How are we to handle this contemporary experience of existential dislocation? As tempting as it may be, as human beings, we can’t stop caring — or aching. If you’re suffering from back pain in conjunction with persistent fury and frustration, it’s probably because you feel like you’ve lost control over the world in which you live, as well as the future that you thought you were building for your children and grandchildren. That makes perfect sense, at least to me.

But, next time you get out of bed with a crook in your neck, or a backache, or with a twinge of sciatica, don’t rush to a chiropractor, or ask your doctor to order an MRI, or spinal injections, or to prescribe insurance-paid physical therapy. Instead, invite yourself and a friend to take a long walk in nature, in a place where Internet service is limited or non-existent. Do not, under any circumstances, discuss politics. Since such places are increasingly hard to find, plan to leave your smartphone in the glove compartment, and take along a printed trail map, so you can make it back to what we used to refer to as “civilization.”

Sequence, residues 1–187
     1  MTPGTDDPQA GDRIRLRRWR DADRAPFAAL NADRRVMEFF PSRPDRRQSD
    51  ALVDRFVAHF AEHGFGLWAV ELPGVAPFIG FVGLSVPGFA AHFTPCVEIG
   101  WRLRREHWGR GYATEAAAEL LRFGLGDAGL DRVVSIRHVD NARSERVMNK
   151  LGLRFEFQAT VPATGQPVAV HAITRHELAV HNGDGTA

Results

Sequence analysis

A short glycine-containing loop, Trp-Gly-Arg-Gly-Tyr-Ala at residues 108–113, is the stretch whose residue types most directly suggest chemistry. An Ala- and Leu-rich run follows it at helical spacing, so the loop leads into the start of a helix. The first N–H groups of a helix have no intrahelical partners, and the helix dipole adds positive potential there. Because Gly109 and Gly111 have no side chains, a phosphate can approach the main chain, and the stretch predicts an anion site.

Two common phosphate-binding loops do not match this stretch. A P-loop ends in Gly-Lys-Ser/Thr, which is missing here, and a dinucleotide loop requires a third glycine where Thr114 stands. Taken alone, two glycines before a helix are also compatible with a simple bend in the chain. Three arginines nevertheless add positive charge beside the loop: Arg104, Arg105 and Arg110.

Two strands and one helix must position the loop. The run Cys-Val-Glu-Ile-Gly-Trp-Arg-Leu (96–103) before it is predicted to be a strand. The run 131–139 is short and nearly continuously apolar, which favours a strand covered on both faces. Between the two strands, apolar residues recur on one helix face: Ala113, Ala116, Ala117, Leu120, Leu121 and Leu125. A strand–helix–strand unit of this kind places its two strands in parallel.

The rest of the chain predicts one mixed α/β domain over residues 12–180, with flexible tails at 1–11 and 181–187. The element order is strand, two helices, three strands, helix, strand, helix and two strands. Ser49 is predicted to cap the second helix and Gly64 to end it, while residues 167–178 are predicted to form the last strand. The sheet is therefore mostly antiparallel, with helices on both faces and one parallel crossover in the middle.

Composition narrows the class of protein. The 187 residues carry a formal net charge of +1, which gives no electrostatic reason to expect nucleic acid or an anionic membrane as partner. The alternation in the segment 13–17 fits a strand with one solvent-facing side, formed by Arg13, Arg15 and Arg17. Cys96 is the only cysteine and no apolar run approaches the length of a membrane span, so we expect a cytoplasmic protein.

At home, swallow your final dose of upsetting news and unnerving tweets immediately after dinner. Then leave your phone in the kitchen, turned off, before you tuck yourself in for the night, so you don’t wake up at 2 am, reach for it like you used to reach for a lover, and start scrolling and hyperventilating. Read a book that’s not in the least educational; if there was ever a time for escapist fiction, this is it. Before bedtime, don’t watch Homeland, or Scandal or Designated Survivor, because the worst scenarios the writers could think up are not nearly as bad as what is actually going on in Washington. Exercise daily, not because you’re keen on having a beach body by Memorial Day, but because regular exercise it is the surest path to retaining your sanity in trying times. And if you must watch the news while you’re on the treadmill, keep an eye on your heart rate, which may be soaring.